I have brought my kids up pretty gender neutral (don't think twice about dressing boys in pink or putting them in a dress to run round the garden while potty training) - my son has My Little Ponies and Barbies alongside his trucks etc, however he has hit four and whilst my daughter will listen to Cows in Action or the Toilet of Doom or Spy Dog, my son will not listen to the Fairy House or Secret Unicorn etc
     
  19. SilverWolf0101
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    SilverWolf0101 Active Member

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    One of the main influences is the age groups of course.

    An example, my nine year old male cousin Jesse won't have a thing to do with anything girly, he won't even touch a book if he learns it has a female main character. He wants a strong bodied male that's the hero and totally kick ass. Whereas my fifteen year old cousin David doesn't mind a female main character so long as she's relatable to a point. Only once has he refused to read a female main character book and that was the main character was so much a sissy, she gave females a bad name.
    Now, my ten year old cousin Carrie really doesn't read stories about guys, if she's force to she will, otherwise she wants a female because in her eyes, and I qoute "Boys are just stupid". My other cousin Rachael, who's almost seventeen I believe, will read female main character stories but she prefers guy main characters that are strong, handsome and play the hero.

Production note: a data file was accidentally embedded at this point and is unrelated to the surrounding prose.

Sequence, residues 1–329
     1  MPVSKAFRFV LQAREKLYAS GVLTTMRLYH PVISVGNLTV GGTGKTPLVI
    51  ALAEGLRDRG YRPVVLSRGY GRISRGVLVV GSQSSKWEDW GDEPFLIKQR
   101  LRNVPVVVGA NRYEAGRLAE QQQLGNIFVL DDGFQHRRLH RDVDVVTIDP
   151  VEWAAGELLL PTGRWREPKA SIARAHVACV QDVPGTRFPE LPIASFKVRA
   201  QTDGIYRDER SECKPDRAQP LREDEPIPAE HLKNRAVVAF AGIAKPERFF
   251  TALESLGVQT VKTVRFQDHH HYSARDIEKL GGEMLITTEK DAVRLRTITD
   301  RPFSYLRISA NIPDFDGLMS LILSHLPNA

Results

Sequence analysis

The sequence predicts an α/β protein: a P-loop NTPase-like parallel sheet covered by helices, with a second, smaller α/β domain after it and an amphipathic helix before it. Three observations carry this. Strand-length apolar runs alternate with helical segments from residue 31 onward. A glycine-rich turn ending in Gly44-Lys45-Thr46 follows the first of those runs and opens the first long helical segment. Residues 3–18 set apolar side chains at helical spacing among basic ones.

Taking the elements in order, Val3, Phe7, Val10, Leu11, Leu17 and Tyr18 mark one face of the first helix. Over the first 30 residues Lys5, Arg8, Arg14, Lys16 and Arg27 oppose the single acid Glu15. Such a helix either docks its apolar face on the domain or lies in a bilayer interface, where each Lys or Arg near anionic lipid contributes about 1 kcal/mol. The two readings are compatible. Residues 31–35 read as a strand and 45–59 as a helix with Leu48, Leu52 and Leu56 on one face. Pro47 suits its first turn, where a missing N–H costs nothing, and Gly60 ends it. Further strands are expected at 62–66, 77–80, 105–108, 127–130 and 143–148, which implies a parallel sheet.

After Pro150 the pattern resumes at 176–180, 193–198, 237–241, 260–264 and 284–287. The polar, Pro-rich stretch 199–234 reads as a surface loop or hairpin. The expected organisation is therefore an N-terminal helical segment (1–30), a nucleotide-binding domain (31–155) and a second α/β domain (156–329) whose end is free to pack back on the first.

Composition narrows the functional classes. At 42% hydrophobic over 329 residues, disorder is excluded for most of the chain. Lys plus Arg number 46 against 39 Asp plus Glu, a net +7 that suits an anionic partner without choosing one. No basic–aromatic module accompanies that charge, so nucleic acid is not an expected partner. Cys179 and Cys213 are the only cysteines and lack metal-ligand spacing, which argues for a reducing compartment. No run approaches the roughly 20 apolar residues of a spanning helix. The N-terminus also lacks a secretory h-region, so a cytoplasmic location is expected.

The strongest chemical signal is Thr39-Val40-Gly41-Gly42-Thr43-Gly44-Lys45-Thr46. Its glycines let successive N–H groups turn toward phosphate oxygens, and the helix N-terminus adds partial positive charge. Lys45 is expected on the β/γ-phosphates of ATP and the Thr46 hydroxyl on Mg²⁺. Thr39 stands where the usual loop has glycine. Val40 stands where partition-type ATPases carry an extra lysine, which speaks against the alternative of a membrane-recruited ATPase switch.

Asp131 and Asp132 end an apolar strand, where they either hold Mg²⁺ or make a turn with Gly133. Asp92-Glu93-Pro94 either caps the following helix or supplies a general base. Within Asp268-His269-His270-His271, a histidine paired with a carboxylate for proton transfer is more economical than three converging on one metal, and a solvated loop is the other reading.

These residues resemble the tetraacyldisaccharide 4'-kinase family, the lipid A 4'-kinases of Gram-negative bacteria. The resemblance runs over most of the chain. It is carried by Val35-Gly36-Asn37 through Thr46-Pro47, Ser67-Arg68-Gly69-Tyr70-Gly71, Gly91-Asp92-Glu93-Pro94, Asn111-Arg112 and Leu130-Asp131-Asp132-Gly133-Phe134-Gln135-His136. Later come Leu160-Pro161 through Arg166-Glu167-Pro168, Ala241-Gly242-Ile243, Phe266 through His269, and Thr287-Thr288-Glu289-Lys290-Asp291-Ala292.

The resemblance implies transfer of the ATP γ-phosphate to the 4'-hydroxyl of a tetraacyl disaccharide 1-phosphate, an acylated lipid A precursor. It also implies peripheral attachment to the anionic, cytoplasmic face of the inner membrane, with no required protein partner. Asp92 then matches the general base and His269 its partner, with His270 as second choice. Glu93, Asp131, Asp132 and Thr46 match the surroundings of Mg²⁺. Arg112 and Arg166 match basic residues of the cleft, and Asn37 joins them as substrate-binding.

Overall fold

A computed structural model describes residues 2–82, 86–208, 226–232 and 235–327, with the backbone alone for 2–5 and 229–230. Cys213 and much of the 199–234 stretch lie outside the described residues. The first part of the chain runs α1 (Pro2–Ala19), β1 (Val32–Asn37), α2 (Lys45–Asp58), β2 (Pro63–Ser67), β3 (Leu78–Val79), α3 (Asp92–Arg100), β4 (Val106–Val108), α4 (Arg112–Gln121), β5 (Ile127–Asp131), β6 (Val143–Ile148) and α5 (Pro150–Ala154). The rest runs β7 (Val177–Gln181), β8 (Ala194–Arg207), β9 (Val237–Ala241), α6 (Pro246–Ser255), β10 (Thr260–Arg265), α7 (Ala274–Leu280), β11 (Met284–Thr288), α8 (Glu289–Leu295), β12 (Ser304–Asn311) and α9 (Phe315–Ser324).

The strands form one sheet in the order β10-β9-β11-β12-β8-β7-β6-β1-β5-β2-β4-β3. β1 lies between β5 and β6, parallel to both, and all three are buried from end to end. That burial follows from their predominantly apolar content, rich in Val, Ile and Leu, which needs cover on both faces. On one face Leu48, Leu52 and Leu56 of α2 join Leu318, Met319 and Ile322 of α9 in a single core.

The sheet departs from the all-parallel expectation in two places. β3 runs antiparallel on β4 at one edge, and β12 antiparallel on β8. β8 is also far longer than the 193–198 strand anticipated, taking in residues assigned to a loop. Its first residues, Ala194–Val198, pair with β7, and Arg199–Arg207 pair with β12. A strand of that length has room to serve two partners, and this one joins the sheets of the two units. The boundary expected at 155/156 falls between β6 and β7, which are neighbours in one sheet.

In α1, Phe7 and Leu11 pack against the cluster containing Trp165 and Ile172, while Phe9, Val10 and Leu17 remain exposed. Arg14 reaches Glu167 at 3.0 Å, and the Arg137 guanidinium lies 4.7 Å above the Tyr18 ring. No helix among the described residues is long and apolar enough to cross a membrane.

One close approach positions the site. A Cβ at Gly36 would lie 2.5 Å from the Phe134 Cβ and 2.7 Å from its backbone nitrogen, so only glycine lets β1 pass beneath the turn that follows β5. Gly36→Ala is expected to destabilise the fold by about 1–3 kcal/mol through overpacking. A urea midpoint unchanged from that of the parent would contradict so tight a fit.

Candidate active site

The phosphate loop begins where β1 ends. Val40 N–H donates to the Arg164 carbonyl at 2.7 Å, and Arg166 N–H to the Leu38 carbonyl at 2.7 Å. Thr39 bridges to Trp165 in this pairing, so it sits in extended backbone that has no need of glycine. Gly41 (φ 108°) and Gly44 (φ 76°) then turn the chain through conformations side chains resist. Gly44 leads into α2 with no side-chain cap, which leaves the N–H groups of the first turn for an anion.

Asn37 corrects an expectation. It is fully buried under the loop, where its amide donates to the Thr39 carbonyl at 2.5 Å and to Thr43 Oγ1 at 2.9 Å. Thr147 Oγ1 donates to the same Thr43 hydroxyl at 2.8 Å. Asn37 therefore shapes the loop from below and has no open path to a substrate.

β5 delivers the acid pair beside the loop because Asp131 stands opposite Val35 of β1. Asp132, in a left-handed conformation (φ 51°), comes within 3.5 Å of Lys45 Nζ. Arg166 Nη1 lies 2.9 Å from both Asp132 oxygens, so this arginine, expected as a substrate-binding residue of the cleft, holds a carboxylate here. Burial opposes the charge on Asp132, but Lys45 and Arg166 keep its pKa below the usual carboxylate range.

I noticed from my creative writing and library trips that no matter what the age group, most people will often stick with their own gender. Not because of the bias "eww that's girly" or "guy stories have no depth" but because that's mostly what people feel comfortable with.

    As for me, I don't care what gender the main character is, as long as they have depth and the story is good, I'll read just about anything. Even stories about a he-she trying to struggle to fit into society and school while trying to define wha sexuality they really are.
     
  20. pumpkin
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    pumpkin New Member

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    It's not exactly novels but the entertainment medium kinda flows into that, I almost always play female characters in computer games where you have gender influence on character creation. I guess I just like strong/decisive lead female roles. I loved Morrigan in Dragon Age and played a female Shepherd in Mass Effect (and 2).

    Ok end of game talk now.
     
  21. S-wo
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    S-wo Active Member

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    I say yes it's true looking at the most popular and best selling novels out there, the majority of them have male protagonists. This remains true even outside of literature. The most popular and successful super heroes are male, most critically acclaimed and profitable movies have male protagonists, the most popular TV characters are male.

    None of this should discourage you from writing a female protagonist though as there have been plenty that have succeeded.